Describe the situation:
Whales have been in our oceans since the beginning of time and are the largest, most peaceful mammals. Unfortunately Japan, Norway and Iceland still continue to hunt them. It is estimated that over 1000 whales are killed every year, and approximately 850 of those deaths are from Japan alone.
What do you do when one country continues to kill hundreds of whales each year, and even does so in the Southern Ocean Sanctuary that was specifically intended to protect these animals?
The Australian Government launched the legal action against whaling in 2010, and more recently the Abbott party introduced a pre-election promise to stop Japan from whaling in the Southern Ocean. The promise was to send custom vessels out into the Antarctic waters to stop the Japanese from whaling in our waters. It was said the vessel entered the waters only for a few weeks, then the government decided to remove the vessel and have a plane hover overhead for hours, but this plane has no ability to intervene with the Japanese ships.
Despite the International Whaling Moratorium enforced in 1986, Japan continues to catch the aquatic mammals in the Antarctic for “Scientific research” but critics say the teal reason to the slaughter is to continue harvesting the whale meat, which in Japan is considered a delicacy. Japan says it’s whaling is no threat to the survival of any species, but environmentalists and animal rights activists say whale hunting should be stopped completely.
Why is change needed?
The Late Sir Peter Scott, one of the world’s favourite conservationists once said “Many people now regard whales as a symbol. If we can’t save the whales, then we begin to wonder if we will be able to save anything--- Including ourselves.”
If whales aren’t important, what is?
Change is needed because since the 1980’s whale populations throughout the world have been rapidly declining, this is the result of whaling. What can be done when one country continues to kill hundreds of whales each year, despite having a no whaling law in-place.
Japan is framing the ruthless slaughter with “Science” although restaurants and markets are profiting from the whale meat, coincidence? I think not.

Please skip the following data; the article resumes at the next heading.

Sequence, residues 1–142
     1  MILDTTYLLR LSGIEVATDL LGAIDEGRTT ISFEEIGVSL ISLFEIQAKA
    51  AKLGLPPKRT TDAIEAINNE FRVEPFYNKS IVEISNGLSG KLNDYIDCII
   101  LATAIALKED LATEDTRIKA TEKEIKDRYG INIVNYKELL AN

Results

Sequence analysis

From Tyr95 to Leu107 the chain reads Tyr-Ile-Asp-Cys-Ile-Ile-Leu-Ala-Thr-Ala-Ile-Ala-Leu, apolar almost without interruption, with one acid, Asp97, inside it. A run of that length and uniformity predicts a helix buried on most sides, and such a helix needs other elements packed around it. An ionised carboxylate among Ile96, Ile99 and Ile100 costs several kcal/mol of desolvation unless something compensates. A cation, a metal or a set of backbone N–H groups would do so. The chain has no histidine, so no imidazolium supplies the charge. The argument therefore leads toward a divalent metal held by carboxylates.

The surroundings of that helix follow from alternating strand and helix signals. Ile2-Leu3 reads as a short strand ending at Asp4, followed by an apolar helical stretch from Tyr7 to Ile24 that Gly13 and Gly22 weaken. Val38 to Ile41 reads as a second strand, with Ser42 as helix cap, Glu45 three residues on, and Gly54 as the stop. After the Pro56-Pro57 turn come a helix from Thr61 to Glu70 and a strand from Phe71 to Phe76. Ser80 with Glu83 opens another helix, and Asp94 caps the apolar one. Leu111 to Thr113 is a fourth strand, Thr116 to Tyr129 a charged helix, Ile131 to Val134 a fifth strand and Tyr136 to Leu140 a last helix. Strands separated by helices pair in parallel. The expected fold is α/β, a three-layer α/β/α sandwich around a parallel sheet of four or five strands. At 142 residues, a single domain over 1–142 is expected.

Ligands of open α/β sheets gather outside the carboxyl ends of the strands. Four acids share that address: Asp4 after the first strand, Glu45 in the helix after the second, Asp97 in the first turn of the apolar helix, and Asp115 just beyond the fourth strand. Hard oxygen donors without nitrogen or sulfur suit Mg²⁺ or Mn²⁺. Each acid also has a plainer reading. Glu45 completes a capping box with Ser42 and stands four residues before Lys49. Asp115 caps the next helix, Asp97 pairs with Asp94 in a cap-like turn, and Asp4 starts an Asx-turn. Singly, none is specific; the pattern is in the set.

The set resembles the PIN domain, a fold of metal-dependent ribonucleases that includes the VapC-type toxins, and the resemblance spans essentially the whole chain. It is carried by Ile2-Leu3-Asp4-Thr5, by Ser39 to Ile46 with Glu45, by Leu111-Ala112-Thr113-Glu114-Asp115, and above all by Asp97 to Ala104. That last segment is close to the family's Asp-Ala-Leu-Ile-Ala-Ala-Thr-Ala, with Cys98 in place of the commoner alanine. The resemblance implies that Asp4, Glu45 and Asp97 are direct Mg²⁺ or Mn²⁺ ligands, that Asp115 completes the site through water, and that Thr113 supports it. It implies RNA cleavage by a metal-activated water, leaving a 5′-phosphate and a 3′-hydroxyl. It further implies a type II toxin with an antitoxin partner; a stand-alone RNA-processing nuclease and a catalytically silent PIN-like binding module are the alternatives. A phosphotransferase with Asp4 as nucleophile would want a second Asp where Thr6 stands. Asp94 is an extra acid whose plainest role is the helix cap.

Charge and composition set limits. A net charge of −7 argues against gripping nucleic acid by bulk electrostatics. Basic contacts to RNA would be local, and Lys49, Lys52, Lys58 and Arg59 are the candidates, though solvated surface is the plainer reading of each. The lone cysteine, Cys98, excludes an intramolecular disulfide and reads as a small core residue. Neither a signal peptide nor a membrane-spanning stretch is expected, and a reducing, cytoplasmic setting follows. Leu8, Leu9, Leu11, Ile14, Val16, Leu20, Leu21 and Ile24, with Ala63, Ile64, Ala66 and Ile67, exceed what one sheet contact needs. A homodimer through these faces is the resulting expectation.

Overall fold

If Japan, Norway and Iceland continue to whale there is a chance some whale species will become extinct. Currently the North-Atlantic right whale, Fin whale, Sei whale and blue whale are endangered, with Narwhal and Beluga whale near threatened. The populations have already dramatically decreased in 50 years so if no one puts a stop to it there will be no more whales left in 50 years time. The day will come when the whale species will be another to add to the extinct list and when that happens the food chain in the ocean will be disturbed and we will have too many species of fish in the sea.
What is needed?
How many whales do the Japanese have to kill before they get the information they desire? This “Experiment” shouldn’t be excusable and is the same as any other animal abuse and slaughter. Consequences should be put in place for all animal abuses. Australia NEEDS to enforce the laws, Japan continues to whale in our see’s because they know they will get away with it. If the Australian Government were consistent with the laws (Like any other law they enforce) whaling wouldn’t continue to happen in the restricted waters. Australia MUST punish Japan as they are breaking the law.
Specifically what must change, who is responsible
Specifically Tony Abbott needs to take a closer look into the law he had personally enforced and notice that Japan is getting away with just that. Law’s aren’t a Joke so why does he continue to let it slide? If he can’t keep one simple promise what else is he getting away with and is he really fit for the role of Prime Minister for Australia?
If Tony Abbott would stick to his word, whale populations will continue to grow and eventually return to the way it was before whaling became a major issue. The food chain is connected to extinction, if the whale population gets disturbed it will affect the rest of the ocean. There will be an out-burst of smaller aquatic life, in some cases larger marine animals such as sea-lions, sharks and walruses. Even whale poop helps to offset carbon dioxide in the atmosphere, it can also help stimulate the growth of phytoplankton which pulls carbon from the air providing a cleaner and healthier breathing environment for animals. Studies show that as much as 400,000 tonnes of carbon dioxide every year is extracted from the air due to whales. This plays a major role in maintaining the cycle of aquatic life.
Whale watching businesses won’t be in fear of going out of business because whale watching is a huge international sensation with billions of dollars spent by people who want to have a glance at these majestic creatures.